Prepared by the Clean Water Initiative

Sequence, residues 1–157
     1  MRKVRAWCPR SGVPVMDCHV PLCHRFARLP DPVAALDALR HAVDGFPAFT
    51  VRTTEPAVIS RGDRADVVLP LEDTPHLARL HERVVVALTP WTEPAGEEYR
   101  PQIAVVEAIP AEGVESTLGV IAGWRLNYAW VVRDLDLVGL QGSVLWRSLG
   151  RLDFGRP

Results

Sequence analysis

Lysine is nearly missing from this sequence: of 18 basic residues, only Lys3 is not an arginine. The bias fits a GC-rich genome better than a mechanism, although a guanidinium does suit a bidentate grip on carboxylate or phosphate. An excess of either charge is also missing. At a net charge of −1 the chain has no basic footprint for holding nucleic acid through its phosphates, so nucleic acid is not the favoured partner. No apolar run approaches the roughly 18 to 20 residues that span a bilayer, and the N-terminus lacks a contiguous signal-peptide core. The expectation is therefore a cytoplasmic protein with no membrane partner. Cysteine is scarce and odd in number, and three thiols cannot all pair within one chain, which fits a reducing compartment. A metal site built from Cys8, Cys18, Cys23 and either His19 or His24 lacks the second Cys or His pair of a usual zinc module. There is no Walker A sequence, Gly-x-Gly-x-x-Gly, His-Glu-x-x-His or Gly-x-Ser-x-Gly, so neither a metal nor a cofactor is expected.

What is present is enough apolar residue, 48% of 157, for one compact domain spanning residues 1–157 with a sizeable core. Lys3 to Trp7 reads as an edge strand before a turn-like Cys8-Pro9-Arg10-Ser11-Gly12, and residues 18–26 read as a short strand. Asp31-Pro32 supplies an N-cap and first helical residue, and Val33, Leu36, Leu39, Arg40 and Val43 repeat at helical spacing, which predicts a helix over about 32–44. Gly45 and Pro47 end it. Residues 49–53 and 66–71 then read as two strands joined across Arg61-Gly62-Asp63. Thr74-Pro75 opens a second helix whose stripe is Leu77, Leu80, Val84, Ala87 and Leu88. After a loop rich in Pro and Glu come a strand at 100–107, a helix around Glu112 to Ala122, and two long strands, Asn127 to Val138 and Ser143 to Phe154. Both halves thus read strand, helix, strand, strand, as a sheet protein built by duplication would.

Close to 0.3 million children under the age of five (U5) die every year in India due to infectious diarrhea caused by drinking water contaminated with fecal pathogens and living in poor sanitation and hygiene (WASH) conditions. Technological and other interventions by the public and private sectors to tackle the WASH challenge have achieved commendable success over the last decade. Yet, half of India’s population still does not have access to safely managed drinking water, and around the same number continues to defecate in the open. Improvement in the health outcomes, including a reduction in diarrheal deaths among U5 children, has not been dramatic either. Fresh design thinking is seen as necessary to ensure the sustainability of efforts. Providing access to safe drinking water and a WASH environment is no doubt complex, with multi-sectoral challenges. But, without securing these, there can be no sustainable development. Public health systems that are not built on the foundations of primordial prevention will continue to remain fragile.